The word Coulrophobia means a persistent and irrational fear of clowns. It possibly originates from Greek Kolon meaning stilt or stilt-walkers which are often used by clowns.
The word clown might have even originated from Cloyne, Clod or Colonus- a rustic country bumpkin, farmer, yokel or someone who lacks common sense.
Coulrophobic individuals report feeling “shaken and traumatized” at the sight or even the mere thought of clowns.
A study conducted by a Hospital in UK showed that decorating a children’s ward with images of clowns actually backfired when more than 250 children (in the age groups of 4 to 16) reported disliking the images.
It is not just children suffering from this fear; many people having this specific anxiety disorder are middle-aged adults. Media, novels (Stephen King’s novel and movie of the same name (IT) about Pennywise the Dancing Clown- terrorized many adult Americans who even resorted to wearing t-shirts which read “Can’t Sleep-Clowns will Eat Me Alive”) are known to be major contributory factors in the mass hysteria or fear of clowns. Thus, King’s Penny-wise probably did to people what Jaws did for swimming in the ocean and Hitchcock’s Psycho did for showers. It is believed that the idea of King’s IT might have originated from the author’s own life-long fear of clowns.
What Causes Coulrophobia?
As stated above, representations of evil clowns in media is a big contributor for instilling this phobia in young or anxious minded adults.
Clowns and court jesters have been around for thousands of years. Even Emperors and kings in Egypt, China and Europe allowed their court Jesters to mock them where no else could. It was a pretty important position in court.
The clown or the Fool was the ‘village idiot who was allowed to be blasphemous’. He might have been a harmless eccentric who was ‘obscenely humorous’ or uninhibited in his sexual acts. In fact: in many Pueblo tribal celebrations, clowns performed sexual acts like masturbation, intercourse, sodomy etc in front of the entire tribe. These associations are known to exist in modern pop culture and media representations.
Psychologists also believe that, like in case of other specific phobias, the fear of clowns could be deeply rooted in childhood, mainly because children below the age of four years are highly reactive to familiar body type and unfamiliar faces. One phobic, for example, recalls having visited a fair as a young girl where she encountered a “foul-smelling, yellow-teethed clown who got in her face”.
Symptoms Of Coulrophobia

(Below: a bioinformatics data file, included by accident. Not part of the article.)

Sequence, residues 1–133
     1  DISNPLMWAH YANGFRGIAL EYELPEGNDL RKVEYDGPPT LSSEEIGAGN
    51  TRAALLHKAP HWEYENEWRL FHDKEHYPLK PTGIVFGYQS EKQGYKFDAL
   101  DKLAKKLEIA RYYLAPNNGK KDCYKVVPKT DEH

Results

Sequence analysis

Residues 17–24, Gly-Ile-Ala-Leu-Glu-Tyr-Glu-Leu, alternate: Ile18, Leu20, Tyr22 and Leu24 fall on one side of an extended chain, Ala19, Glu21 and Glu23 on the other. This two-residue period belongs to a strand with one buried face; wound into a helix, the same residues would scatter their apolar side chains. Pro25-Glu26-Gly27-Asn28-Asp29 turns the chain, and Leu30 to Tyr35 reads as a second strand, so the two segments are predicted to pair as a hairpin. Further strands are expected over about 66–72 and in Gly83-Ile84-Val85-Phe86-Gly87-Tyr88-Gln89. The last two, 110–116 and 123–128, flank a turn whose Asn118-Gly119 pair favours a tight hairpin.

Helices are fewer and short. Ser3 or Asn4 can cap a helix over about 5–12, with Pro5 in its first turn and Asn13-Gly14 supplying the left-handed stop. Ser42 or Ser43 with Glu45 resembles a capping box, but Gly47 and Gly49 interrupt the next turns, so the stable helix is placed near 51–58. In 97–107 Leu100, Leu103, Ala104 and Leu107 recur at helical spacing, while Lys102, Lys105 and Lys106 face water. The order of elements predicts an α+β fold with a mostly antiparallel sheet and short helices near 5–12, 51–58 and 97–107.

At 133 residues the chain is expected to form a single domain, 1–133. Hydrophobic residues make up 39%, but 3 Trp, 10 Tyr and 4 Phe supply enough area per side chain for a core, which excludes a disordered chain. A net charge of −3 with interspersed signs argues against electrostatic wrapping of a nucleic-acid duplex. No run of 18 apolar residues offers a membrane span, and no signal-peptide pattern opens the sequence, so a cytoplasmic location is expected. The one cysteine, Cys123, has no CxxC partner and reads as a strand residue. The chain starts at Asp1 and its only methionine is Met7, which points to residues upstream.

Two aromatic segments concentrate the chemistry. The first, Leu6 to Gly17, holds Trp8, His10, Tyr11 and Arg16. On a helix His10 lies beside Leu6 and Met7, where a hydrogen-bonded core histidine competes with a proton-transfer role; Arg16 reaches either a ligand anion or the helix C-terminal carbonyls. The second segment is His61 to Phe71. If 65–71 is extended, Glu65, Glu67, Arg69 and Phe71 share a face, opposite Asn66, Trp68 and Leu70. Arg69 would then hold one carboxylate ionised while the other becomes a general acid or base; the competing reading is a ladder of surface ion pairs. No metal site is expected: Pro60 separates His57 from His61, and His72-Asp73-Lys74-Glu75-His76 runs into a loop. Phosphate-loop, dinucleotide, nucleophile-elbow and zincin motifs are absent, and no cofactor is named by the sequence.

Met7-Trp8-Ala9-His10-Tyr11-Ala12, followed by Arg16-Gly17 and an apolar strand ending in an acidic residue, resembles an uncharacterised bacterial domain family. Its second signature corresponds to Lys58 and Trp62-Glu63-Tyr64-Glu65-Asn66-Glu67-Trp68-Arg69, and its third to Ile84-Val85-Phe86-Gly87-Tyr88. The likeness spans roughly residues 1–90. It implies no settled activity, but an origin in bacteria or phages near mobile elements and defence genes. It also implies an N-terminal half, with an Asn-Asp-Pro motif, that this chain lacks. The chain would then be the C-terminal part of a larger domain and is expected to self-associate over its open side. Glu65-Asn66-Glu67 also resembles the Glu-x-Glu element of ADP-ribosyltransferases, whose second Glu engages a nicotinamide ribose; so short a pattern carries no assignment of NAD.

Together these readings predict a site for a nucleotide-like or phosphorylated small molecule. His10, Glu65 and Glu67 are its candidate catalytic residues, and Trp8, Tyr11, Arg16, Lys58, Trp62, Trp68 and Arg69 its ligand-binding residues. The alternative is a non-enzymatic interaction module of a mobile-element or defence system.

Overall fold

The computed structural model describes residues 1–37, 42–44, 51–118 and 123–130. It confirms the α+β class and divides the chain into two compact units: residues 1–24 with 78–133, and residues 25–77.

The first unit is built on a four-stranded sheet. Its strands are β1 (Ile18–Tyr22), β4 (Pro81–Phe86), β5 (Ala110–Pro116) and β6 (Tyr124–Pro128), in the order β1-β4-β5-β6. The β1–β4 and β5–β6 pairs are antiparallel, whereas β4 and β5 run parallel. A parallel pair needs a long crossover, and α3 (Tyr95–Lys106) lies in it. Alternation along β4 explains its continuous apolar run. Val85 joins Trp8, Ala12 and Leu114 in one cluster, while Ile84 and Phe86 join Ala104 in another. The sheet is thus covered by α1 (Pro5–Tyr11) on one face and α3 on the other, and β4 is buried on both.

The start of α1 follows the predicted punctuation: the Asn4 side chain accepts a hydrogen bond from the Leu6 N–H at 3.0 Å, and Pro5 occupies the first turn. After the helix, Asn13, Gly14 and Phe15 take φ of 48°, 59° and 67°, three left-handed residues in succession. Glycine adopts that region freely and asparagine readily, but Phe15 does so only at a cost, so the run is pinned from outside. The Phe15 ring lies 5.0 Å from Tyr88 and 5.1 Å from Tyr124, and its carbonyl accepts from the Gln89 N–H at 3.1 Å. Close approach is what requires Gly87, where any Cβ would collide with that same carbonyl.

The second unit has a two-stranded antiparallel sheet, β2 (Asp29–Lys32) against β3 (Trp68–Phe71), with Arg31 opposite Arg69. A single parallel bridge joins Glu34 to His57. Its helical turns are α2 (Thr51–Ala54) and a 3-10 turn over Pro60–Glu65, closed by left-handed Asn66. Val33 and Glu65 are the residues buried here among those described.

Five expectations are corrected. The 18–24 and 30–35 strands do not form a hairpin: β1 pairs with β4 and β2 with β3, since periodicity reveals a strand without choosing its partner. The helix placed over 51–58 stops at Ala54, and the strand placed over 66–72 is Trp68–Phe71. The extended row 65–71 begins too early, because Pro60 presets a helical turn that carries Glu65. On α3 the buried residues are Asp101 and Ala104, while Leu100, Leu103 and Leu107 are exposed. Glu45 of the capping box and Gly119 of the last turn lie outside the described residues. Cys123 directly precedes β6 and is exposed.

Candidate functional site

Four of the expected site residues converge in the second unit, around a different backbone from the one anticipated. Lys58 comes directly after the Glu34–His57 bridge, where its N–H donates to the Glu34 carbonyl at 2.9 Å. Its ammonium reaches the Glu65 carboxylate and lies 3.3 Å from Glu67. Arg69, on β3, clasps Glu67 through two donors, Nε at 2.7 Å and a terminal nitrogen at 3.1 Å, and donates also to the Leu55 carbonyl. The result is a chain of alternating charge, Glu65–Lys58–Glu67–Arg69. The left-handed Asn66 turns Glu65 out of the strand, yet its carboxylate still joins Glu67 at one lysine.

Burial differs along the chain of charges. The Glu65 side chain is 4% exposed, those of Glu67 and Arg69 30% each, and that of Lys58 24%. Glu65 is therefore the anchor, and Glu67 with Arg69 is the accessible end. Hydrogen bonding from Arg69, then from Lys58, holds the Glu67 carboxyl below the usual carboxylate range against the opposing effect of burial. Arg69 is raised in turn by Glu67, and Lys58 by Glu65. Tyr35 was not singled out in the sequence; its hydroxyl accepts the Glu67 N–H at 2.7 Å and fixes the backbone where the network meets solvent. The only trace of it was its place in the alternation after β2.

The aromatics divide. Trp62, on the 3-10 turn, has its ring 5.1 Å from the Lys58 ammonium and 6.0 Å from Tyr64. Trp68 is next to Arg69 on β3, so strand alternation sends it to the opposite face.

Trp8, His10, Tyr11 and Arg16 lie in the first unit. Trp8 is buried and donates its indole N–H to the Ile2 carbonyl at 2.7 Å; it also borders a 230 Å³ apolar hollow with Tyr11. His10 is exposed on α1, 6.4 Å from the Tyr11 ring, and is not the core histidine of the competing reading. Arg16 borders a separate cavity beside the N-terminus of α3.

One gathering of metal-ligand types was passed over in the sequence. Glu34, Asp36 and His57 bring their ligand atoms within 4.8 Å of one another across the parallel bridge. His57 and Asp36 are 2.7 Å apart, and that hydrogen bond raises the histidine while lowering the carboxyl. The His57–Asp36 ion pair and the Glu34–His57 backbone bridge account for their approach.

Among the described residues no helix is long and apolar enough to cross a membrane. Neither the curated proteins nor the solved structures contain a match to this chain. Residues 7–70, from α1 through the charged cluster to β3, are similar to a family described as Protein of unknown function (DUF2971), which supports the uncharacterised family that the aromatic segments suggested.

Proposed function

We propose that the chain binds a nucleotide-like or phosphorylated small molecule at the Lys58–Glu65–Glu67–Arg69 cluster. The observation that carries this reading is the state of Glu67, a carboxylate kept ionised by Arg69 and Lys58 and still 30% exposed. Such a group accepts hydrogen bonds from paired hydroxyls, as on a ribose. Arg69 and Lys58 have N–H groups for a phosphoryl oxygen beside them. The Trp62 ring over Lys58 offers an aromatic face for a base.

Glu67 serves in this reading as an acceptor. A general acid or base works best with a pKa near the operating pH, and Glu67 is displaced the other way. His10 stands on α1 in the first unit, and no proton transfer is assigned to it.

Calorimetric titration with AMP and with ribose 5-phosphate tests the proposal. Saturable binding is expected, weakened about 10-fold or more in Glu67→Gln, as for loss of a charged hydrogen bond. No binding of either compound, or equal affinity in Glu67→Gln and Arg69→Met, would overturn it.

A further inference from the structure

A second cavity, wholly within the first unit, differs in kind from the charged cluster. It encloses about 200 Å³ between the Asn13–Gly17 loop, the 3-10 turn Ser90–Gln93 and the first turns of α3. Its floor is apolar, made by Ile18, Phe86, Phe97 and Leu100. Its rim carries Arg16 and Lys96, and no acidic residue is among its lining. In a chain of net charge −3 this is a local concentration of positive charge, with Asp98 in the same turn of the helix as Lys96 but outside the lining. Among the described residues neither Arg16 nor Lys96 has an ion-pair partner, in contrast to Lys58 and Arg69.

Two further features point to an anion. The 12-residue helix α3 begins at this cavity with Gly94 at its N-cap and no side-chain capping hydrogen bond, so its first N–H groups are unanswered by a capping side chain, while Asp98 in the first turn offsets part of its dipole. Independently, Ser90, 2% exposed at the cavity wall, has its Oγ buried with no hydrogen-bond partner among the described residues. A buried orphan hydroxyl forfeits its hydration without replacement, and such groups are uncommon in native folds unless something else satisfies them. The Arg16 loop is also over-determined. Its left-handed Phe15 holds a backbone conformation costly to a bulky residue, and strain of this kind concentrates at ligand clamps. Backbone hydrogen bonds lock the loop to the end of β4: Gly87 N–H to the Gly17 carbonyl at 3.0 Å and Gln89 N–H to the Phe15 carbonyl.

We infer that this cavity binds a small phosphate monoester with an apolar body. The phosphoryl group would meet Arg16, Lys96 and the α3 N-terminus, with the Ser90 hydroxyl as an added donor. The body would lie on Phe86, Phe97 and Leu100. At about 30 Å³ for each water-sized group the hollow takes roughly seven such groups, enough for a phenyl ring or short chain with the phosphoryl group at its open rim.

Like in case of other phobias, Coulrophobia also produces many physical, mental and emotional symptoms in the sufferer some of which are:
• Feelings of dread
• Accelerated heartbeat and rapid breathing
• Crying or screaming
• Feeling angry at being placed in a situation where clowns are present.
Treating The Fear Of Clowns
The fear of clowns is treated in the same way as other phobias are: gradually coming in contact with the object of one’s fear so that one has a more controlled response to that object, in this case- clowns.
Fortunately, Coulrophobia does not affect one’s day-to-day life as the phobic can generally avoid situations (circuses, birthday parties etc) where one is likelier to encounter clowns. However, if the phobia is interfering with one’s professional or personal life it is best to seek psychotherapeutic counseling for it. This includes methods like NLP or Neuro-linguistic programming, Hypnotherapy or Gradual or systematic desensitization done with the help of a trained therapist.
These are some of the tried and tested methods for overcoming the fear of clowns.
Evil Clown Archetypes
The contemporary “evil clown” archetype develops in the 1980s, notably popularized by Stephen King’s IT, and perhaps influenced by John Wayne Gacy, a real-life serial killer dubbed the Killer Clown in 1978.
Killer Klowns from Outer Space is a 1988 horror comedy dedicated to the topic. The Joker character in the Batman franchise was introduced as early as 1940, and has developed into one of the most-recognizable and iconic fictional characters in popular culture, leading the Wizard magazine’s “100 Greatest Villains of All Time” ranking in 2006.
Numerous films on the topic have been produced since the late 1980s. Early examples include the horror films Out of the Dark (1988) and Clownhouse (1989), followed by IT (1990), a miniseries adaptation of Stephen King’s novel.
Examples of the late 1990s to 2000s include Carnival of Souls (1998), The Clown at Midnight (1999), Camp Blood (2000), Killjoy (2000), S.I.C.K. Serial Insane Clown Killer (2003), Fear of Clowns (2004), Within the Woods (2005), Coulrophobia (2006 short film), Secrets of the Clown (2007), 100 Tears (2007), Clownstrophobia (2009).
Examples of the 2010s include The Last Circus (2010), Klown Kamp Massacre (2010), Gingerclown (2012), Stitches (2012), Sloppy the Psychotic (2012), Bongo: Killer Clown (2014) and Clown (2014). One of the central characters in Álex de la Iglesia’s The Last Circus (2010) is a circus’s “funny clown” who is a violent psychopath in real life.